The world’s first ambulatory hotel comes a little too close to a powerful witch’s demesne in this sequel to Warren the 13th and the All-Seeing Eye (2015).
A gooey accident involving a pineapple sarsaparilla and an important control panel sets off an escalating chain of calamities that leaves the Warren Hotel in the charge of “Worrin,” a malign shape-shifter who has assumed the identity of its 12-year-old manager, Warren. Adding to the woes, the hotel’s security head, lavishly tattooed witch hunter Beatrice, has fallen into the clutches of Calvina—a witch queen so evil that many of the pages on which she appears are printed white on black. In a double-columned narrative festooned throughout with macabre green-and-black illustrations that thicken the gothic air considerably (particularly as the real Warren, resourceful and intrepid though he may be, is depicted as an uncommonly uglfy lad with gray skin), dismal turns abound, but all are met with fortitude and ingenious stratagems. Weirdness abounds: an apelike but refined “sap-squatch” figures prominently; along with the rest of his motley staff, Warren is thrilled to discover that walking on giant legs isn’t his beloved hotel’s only means of getting around. A visiting journalist is the one dark-skinned character in an otherwise largely white human cast.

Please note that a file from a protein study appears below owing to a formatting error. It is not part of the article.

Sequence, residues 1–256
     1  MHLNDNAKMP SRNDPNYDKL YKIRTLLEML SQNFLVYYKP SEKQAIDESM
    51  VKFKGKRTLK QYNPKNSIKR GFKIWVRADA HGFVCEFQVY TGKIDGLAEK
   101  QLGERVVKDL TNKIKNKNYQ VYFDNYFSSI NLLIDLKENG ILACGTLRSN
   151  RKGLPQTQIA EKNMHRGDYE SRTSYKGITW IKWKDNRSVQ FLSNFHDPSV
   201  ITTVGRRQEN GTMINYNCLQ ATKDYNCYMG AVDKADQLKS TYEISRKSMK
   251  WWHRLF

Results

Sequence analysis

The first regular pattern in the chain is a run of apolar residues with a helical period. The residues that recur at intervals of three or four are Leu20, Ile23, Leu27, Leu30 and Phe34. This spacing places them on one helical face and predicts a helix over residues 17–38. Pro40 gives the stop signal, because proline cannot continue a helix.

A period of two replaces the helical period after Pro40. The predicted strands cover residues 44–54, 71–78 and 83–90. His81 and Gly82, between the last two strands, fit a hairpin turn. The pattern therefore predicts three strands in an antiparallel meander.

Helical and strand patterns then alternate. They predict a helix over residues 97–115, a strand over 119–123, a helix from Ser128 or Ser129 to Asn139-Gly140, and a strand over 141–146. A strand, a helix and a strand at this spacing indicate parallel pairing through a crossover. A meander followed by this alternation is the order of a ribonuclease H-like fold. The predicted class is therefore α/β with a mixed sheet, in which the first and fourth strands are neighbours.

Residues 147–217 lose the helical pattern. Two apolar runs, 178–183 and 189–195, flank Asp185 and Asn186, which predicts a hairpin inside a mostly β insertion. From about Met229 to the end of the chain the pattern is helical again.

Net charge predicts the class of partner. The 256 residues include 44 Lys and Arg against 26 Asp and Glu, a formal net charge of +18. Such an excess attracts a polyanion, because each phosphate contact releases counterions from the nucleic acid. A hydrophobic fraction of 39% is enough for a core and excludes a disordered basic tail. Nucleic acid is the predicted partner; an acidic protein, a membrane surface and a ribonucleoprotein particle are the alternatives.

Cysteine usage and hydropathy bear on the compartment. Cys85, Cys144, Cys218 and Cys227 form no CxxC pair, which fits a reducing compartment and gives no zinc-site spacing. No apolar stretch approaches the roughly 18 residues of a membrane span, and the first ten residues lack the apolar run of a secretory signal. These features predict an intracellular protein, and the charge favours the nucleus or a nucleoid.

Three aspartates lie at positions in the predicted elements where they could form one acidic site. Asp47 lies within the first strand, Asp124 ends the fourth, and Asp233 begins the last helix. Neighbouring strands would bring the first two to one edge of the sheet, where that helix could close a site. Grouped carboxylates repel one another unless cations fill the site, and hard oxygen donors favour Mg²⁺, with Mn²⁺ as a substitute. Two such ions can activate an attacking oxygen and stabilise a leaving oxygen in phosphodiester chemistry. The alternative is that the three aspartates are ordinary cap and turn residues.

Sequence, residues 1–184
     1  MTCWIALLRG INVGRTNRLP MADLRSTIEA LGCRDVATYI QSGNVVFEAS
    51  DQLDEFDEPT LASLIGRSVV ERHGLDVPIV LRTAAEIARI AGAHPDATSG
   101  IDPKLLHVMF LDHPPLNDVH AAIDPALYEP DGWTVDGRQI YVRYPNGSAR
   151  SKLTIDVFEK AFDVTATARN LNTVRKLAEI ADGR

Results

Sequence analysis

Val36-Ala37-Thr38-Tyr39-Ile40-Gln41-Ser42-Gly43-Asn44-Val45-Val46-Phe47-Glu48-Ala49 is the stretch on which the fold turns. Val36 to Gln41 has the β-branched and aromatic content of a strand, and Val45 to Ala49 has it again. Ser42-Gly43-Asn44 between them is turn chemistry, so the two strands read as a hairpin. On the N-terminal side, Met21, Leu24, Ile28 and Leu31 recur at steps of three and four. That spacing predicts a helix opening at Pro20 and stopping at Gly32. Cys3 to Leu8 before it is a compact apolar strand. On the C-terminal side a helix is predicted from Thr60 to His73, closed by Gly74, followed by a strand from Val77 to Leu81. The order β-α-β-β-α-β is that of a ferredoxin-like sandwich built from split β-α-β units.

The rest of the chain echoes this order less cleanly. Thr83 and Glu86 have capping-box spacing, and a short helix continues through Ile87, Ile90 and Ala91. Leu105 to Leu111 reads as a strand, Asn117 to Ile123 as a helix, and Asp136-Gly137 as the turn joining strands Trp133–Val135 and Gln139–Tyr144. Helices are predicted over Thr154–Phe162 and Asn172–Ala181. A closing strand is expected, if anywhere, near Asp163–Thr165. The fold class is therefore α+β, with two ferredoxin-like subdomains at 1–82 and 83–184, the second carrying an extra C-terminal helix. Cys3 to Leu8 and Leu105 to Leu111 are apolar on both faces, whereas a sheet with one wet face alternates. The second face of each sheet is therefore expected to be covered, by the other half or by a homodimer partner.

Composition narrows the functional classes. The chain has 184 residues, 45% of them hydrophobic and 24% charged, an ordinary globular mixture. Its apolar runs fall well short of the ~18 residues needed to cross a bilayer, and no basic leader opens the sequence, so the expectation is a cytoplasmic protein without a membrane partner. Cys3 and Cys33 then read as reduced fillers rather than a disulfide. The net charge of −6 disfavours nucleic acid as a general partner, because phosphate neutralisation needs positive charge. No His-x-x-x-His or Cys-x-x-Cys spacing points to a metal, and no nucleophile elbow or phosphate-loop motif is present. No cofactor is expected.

Another entry in the “unfortunate events” genre, kitted out with atmospheric art, unusual book design, and a wonderfully homely protagonist. (Horror. 11-13)